So, my data skills and a few bucks will buy one a medium, hot, decaf white chocolate mocha with almond milk at Dutch Brothers, where they know me at the Franklin Street kiosk, but they don’t take cash right now, and I would have to walk up to the drive-in window if I want anything these days. I go by on my 4 mile loop every day.

Italy is slowly seeing the doubling time increase. That’s easier to comprehend than the percentage rise is dropping each day.  While true, it is the first derivative of the curve, and a decrease of something that is increasing confuses people.  Lengthening doubling time doesn’t.  I read a lot, I look at good graphics, which I am not good at creating myself, I do my own poor ones, and because I lost my calculator, I am doing it with a phone calculator until I get a new one.  Heck, last week, when I was having trouble getting back to sleep, I was doing logs in my head.  I got them right.  I made a prediction of the world cases and deaths for the next day and was within 500 for both of them.  

While I can’t do data analysis that will help save the world from this pandemic, I can keep myself busy looking at the data, comparing my conclusions to others’, and when it is all over, go back to tutoring math, explaining things to people who need someone competent  who can do that.  After more than 60 years, I can qualify as that person for at least some things.  The community college has had me for six years, and they still want me.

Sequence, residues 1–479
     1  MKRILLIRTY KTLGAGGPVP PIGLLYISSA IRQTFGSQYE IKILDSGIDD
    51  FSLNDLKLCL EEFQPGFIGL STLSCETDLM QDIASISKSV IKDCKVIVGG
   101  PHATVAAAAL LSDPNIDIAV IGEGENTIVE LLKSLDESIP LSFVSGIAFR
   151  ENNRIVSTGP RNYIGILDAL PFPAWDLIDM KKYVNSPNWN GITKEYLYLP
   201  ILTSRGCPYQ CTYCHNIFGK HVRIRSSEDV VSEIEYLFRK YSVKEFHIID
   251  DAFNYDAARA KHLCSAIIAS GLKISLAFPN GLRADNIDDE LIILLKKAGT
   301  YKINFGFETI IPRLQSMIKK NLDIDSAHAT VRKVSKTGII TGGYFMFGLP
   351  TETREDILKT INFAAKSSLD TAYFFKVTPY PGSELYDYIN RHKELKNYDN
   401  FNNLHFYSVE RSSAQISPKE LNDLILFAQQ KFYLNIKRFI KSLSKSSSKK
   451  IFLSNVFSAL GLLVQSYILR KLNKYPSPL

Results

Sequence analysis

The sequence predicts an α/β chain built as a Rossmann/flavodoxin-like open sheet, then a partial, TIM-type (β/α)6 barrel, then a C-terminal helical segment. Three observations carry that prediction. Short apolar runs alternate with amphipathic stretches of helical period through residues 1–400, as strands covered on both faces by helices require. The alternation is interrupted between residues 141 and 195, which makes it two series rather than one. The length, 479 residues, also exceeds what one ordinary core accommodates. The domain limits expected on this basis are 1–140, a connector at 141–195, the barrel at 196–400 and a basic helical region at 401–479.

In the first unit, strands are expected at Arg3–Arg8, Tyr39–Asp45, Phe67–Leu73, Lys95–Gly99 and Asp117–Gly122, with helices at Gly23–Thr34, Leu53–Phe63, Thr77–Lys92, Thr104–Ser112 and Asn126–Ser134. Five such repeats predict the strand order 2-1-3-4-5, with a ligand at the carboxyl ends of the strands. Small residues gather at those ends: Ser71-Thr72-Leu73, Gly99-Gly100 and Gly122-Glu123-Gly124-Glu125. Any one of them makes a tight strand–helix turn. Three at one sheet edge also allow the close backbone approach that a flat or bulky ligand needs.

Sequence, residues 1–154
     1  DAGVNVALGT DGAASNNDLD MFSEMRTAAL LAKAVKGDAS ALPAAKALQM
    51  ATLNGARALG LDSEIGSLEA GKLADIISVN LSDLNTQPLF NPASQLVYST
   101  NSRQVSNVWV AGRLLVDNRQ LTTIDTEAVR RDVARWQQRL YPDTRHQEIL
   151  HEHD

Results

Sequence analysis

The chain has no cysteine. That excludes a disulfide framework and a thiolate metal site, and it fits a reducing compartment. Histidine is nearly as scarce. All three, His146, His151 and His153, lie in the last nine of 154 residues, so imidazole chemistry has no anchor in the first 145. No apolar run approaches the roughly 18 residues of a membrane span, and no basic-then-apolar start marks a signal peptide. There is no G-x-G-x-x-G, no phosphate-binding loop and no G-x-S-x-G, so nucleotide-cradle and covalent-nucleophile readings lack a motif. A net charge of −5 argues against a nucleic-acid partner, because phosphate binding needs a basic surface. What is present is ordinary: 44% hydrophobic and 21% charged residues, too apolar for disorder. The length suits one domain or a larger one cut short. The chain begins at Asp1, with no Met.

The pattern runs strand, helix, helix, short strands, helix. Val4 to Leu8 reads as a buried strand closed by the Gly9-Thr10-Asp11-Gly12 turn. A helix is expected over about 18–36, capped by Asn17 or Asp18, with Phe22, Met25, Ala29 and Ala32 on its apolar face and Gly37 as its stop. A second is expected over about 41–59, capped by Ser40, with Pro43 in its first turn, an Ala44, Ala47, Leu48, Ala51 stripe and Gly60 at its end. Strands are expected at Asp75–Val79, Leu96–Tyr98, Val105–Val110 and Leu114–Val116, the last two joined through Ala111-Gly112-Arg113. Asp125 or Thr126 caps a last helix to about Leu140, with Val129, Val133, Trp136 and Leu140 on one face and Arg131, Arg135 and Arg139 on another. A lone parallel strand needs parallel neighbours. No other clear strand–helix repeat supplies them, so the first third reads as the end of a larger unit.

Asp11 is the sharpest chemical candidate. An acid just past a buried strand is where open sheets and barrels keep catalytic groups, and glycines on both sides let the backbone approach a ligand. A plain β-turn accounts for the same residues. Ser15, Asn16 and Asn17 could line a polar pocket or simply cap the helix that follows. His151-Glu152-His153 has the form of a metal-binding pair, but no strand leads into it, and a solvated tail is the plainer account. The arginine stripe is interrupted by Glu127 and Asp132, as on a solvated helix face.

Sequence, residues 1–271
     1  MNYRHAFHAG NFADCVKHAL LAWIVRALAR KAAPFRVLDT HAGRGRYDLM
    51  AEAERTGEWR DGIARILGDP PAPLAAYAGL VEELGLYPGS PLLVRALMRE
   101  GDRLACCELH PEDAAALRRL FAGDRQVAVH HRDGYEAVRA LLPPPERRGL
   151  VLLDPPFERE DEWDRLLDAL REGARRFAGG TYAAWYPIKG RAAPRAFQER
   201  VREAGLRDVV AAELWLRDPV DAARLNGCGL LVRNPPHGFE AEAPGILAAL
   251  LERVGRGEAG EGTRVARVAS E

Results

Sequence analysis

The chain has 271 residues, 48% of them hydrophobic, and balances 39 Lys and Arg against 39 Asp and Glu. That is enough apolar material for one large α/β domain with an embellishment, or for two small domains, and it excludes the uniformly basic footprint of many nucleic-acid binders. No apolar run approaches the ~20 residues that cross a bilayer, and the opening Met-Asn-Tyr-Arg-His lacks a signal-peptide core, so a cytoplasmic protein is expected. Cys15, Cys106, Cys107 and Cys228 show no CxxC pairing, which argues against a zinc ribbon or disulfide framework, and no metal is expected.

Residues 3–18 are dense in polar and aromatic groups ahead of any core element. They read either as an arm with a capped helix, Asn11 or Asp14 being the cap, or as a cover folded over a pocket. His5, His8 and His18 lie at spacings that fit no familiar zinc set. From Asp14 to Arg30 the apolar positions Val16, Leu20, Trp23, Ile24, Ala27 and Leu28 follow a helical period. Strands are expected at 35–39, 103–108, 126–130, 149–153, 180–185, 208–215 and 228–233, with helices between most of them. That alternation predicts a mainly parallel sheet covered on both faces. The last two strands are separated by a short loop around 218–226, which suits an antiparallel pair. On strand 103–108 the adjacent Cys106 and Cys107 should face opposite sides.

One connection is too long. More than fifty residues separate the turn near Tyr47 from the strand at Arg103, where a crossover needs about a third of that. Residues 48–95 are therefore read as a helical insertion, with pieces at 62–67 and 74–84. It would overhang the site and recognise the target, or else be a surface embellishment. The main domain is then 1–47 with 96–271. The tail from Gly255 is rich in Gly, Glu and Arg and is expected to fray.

No, I don’t have Vimeo on my computer, I tried DropBox, and it was a pain, so I don’t use it. I left Oovoo and I haven’t used Viber in years. I still use WhatsApp and Telegram, I can’t make sense out of the Safeway app, and probably a third of the apps on my phone I haven’t used in months, if ever.  

I’ve got a meeting on Zoom next week with the Cascade Volunteer board. A month ago, I had never heard of it.  Should be interesting.  

Cherry blossoms
Great Blue Heron nests

2 Responses to “BEING SOOOO OUT OF DATE”

  1. Sophia Says:

    Hi Mike, hope your are doing well! Thanks a lot for your great blog posts, I am always enjoying them. I was a Maths teacher for quite a few years before I switched to Public Health with an emphasis on epidemiology. Despite having completed a MSc in Public Health at LSHTM last year, I have never worked with Python or R, I only know Stata – so it seems like you are not alone being out of date. 😉
    By the way, I guess you would enjoy Vimeo – I love the videos of trekking trips, animals and the critical ones regarding sustainability etc. – and there is even one where you will recognize some pictures: https://vimeo.com/112524370 (though my own videos are of quite bad quality…).

    Beautiful picture of cherry blossoms – take care, together with your family and cats! Best wishes from quarantine in Germany

    • Mike Says:

      Gute Besserung für Deutschland!! Looking like it is going to be a very different world after this, assuming we are ever over it, which is an open question. Not sure whether I will travel much any more, and a lot of the volunteering will be different, but not over with. Fortune favors those who adapt! LG, and stay safe!!